Noilly Prattle: Getting Reacquainted 9 – The Inland Sea – 瀬戸内海 [Setonaikai], Conclusion

Wednesday, April 2, 2014

Getting Reacquainted 9 – The Inland Sea – 瀬戸内海 [Setonaikai], Conclusion

     I have never heard a story of filial piety and devotion as striking as this one about the Reverend Kosanji Koso the founder of the Kosanji Temple on Ikuchi Island. The story of his devotion to his mother, not to mention her sumptuous home, would turn any mother emerald green with envy.

Rev. Kosanji Koso's Mom's mansion
Mom's dining room
Mom's garden

picnic in a quiet corner of Kosanji
       After getting off the Shimanami Highway onto a local road on Ikuchi Island we followed the coastal road around the southern end of the island to Setoda-cho, the town in which Kosanji Temple is located. We had been unable to find any convenience stores in the smaller villages and I was craving some junk food after a fairly steady diet of how-many-ways-can-you-prepare fish that is typical in Japanese inns since Japan is mostly surrounded by water one way or another. Setoda-cho was big enough to have a few convenience stores so we stopped at the nearest one and I bought a sandwich and a bag of potato chips and Road Buddy bought an onigiri (riceball that is a popular snack food here) and a bottle of coffee and headed for the temple where we planned to have a picnic. We found some free parking at a local municipal meeting hall near Kosanji, parked and headed for the temple on foot.

entrance gate to Kosanji
       My first “WOW” moment came when I saw the colorful, almost garish, gate to the temple precinct. Entering the gate and paying an entrance fee led to a continuing series of WOW moments, not the least of which is the story of the Reverend Kosanji Koso. Before becoming a Buddhist priest he was a successful and wealthy businessman. He first built a mansion (above) for his mother in gratitude for her “loving care throughout the hardships of his life." After she died he became a Buddhist priest and built the Kosanji Temple over the next 30 years. According to the brochure the “whole temple is … a materialization of [his] gratitude to his deceased mother. In a way, this is a 'Pure Land of his gratitude' and a 'temple dedicated to his mother'.”  Greater love for his mother, indeed, hath no man...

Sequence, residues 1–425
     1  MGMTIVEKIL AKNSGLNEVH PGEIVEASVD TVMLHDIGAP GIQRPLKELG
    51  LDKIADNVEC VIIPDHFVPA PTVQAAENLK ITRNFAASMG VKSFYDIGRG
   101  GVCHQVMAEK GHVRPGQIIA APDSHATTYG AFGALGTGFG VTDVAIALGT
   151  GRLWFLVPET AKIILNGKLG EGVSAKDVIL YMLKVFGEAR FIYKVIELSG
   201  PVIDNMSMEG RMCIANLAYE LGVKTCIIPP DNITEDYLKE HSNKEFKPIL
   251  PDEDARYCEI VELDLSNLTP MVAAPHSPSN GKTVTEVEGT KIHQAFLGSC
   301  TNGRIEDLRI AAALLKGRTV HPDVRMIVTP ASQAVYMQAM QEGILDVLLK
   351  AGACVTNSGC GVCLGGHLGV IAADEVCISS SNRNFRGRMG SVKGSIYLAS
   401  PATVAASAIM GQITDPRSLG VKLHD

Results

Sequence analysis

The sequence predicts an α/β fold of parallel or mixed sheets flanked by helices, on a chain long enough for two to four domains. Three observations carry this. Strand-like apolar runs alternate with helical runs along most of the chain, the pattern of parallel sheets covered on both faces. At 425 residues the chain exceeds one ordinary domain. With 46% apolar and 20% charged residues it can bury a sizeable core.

entrance gate from inside the temple precinct
vermilion color predominates everywhere

five-step pagoda 

the containers will soon be filled with lotus blossoms

giant statue of Kannon, a Buddhist deity

octagonal building is a copy of a structure 
at the Horyuji Temple in Nara, Japan

intricately carved gate is a copy of one in Nikko, Japan

[abandon all hope ye who enter here!]
       As we were strolling around the temple we came across a cave-like opening that Road Buddy told me (my own ability to read Japanese is limited) was the entrance to Hell. Having recently reread Dante's Divine Comedy, the banner “Abandon all hope ye who enter here” above to entrance to the Inferno was still fresh in my mind, so of course, I had to risk abandoning all hope [我門を過ぎる者、一切の希望を捨てよ!] and we walked into Buddhist Hell. Road Buddy felt uneasy and went back to the upper world of air and sunshine but I, undaunted, ventured deeper into the cave. It was dimly lit with bas-relief panels affixed to the wall in quite garish colors and illustrations of the various punishments inflicted on those unfortunate enough to go there after death. It reminded me very much of the punishments Dante inflicts on the various people he felt deserved to roast in hell forever. I guess hell is hell no matter what your religious affiliations are!

scenes remarkably reminiscent of ....

... those in Dante's Inferno section of  The Divine Comedy

walking paths of Carrara marble
looks like a scene from the Aegean Sea
       Adjacent to the Kosanji Temple is the remarkable Miraishin no Oka garden (a somewhat fanciful translation yields “Heights of Eternal Hope for the Future”--a direct translation reads “Hill of Future Spirit”). It covers 5000m² made entirely of white marble that was shipped stone by stone in container ships from the marble quarries of Carrara, Italy and installed by Japanese sculptor Kazuto Kuetani. It is composed of abstract sculptures and geometric shapes strewn hither and yon and connected by plazas and footpaths composed entirely of white marble. Photos don't do it justice, you have to see it, walk on it and touch it to get an idea of what it's like. 

overall view gives a surreal abstract effect - like something out of Pablo Picasso

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